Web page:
Without going into spoiler-y specifics, there are scenes in this film that I found almost spellbinding in their own ways. Some parts are pure visual spectacle to ooh and aah at. Others made me clench my teeth in suspense. Above all else, however, it’s the mysterious nature of everything that really got to me. There are times where Prometheus feels really nightmarish in a way, where you’re tossed from one situation to the next and aren’t sure what’s really going on at all. Highly effective stuff, and this is where I’m glad I stayed away from most of the promotional material. It felt like anything could happen. The film also doesn’t shy away from presenting some interesting thematic questions. Why is there this need for these people to find out who their creators are? What does the human-created android think about this? It all adds further weight to the more visceral moments of the movie.

Prometheus isn’t flawless, however. The first third or so of the film is a bit lacking. A movie like this needs a set-up phase to explain some of its key concepts and introduce its characters, but this one doesn’t quite keep things as interesting as one might hope. Compare this to Alien, where a similar portion keeps piling on a sense of foreboding dread more effectively. Another issues I had was with some of the dialogue, which feels stilted and awkward. I’m not ruling out that this was intentional – something to show the difference between our time and the future – but it’s still more distracting than immersive.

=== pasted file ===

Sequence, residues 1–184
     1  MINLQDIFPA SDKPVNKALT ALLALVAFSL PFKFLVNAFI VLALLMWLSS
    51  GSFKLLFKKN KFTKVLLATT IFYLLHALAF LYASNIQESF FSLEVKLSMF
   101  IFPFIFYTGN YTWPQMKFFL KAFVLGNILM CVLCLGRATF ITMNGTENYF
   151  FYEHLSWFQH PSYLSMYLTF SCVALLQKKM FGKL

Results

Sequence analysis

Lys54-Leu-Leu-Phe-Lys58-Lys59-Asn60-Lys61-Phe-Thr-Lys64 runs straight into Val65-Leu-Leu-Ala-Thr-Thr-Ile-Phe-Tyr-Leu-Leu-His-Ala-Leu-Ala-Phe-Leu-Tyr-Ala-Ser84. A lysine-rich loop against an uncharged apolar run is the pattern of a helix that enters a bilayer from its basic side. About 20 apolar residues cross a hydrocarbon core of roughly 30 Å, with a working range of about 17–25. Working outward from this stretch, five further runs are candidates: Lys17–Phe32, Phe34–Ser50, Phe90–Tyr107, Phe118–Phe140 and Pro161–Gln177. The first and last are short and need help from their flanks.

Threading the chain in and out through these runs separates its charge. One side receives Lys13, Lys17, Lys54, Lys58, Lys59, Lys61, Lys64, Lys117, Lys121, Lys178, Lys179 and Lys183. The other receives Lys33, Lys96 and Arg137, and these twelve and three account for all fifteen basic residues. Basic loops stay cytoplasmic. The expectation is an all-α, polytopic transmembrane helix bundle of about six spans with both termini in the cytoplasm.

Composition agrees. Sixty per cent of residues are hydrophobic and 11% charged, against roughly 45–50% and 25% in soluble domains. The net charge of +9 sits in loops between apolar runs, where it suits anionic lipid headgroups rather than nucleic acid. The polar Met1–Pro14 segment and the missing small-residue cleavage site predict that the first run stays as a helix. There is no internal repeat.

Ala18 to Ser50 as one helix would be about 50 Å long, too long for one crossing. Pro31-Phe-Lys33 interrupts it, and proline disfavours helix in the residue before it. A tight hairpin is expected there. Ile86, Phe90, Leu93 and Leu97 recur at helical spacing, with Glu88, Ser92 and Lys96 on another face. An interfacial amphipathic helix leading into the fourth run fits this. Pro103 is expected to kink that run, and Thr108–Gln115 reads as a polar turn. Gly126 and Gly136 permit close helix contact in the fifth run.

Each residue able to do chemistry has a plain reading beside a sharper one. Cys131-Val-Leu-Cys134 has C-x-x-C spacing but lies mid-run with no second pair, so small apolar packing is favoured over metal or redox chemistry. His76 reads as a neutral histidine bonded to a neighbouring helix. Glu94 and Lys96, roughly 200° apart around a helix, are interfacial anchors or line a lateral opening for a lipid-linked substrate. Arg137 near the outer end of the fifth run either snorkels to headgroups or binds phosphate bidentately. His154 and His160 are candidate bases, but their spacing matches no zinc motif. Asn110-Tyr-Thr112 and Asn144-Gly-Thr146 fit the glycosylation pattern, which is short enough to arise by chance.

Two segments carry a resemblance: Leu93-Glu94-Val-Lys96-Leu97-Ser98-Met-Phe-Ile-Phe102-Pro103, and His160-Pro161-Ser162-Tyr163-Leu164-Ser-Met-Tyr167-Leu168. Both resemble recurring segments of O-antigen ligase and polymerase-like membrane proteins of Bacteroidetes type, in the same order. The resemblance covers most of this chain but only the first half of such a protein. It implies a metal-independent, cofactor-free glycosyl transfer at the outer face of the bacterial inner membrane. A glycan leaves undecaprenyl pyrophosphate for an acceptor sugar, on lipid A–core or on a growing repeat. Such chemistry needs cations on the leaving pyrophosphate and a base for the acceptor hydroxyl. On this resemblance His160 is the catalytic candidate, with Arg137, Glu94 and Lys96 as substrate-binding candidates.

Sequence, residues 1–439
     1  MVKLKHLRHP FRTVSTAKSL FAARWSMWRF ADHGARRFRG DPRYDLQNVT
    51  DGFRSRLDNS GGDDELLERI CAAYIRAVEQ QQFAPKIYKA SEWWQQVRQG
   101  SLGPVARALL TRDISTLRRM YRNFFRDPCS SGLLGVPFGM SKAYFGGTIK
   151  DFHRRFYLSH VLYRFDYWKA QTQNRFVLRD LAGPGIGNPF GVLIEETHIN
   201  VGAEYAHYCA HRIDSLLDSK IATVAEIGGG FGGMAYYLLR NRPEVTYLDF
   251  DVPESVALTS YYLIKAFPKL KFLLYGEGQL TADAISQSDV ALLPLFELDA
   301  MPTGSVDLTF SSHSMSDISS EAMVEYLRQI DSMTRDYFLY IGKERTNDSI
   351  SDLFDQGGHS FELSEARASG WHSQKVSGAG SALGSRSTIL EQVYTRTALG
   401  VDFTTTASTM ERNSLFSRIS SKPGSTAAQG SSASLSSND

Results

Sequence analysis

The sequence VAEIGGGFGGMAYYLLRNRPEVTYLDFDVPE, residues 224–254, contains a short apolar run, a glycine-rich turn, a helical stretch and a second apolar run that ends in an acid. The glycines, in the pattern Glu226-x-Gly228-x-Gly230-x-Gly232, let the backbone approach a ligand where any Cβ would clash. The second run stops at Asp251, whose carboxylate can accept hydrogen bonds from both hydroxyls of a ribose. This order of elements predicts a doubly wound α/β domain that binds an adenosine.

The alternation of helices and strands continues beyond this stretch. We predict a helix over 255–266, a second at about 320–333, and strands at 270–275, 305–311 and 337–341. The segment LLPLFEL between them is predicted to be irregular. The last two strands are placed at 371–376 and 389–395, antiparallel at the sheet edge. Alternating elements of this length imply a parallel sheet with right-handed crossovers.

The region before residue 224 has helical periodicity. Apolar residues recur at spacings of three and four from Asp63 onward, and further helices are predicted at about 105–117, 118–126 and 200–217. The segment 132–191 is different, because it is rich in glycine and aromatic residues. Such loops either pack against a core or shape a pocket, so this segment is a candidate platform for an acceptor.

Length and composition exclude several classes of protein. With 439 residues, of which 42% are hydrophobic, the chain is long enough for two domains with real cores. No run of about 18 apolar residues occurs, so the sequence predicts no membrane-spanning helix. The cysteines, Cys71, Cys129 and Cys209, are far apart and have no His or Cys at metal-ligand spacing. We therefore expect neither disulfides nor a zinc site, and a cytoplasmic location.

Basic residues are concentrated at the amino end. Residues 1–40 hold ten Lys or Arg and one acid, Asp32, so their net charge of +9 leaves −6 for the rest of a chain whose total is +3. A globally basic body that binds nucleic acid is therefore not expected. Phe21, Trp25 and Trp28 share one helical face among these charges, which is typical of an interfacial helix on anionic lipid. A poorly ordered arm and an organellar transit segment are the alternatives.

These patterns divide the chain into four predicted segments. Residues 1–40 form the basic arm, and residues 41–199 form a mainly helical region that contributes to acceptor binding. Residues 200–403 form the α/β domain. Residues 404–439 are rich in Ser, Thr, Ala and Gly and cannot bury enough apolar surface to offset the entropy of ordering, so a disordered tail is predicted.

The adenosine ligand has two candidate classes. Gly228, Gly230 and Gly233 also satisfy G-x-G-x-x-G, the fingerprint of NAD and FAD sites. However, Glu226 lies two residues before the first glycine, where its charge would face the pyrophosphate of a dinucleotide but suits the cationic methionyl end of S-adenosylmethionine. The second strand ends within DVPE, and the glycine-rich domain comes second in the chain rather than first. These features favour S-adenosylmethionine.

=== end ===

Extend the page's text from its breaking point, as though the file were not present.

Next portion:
The dialogue problem is reasonably easy to look past. But had its first act been stronger, I wouldn’t hesitate to put Prometheus up there with the original Alien film in terms of personal enjoyment. As it is, it doesn’t quite measure up. The atmosphere isn’t quite as thick, and while the plot engages the mind to a better extent, it lacks something of Alien’s sheer gutsiness.

That said, it puts in a more than admirable effort. After all, “not as good as Alien” doesn’t say a whole lot considering what a great film that one is, and I wouldn’t even be comparing the two if Scott didn’t make it clear that he wanted there to be connection between the two. Standing on its own to legs, Prometheus is a thrilling and captivating sci-fi flick, and one well worth seeing in theater to get the full scope of what it wants to show you.

Score: 4/5

A closing note on the 3D: Don’t bother with it. There is a scene or two where it really adds something to the movie, but for the most part, it’s neither here nor there. I wouldn’t shell out the extra cash for it.

 
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Posted by on 4 June, 2012 in Reviews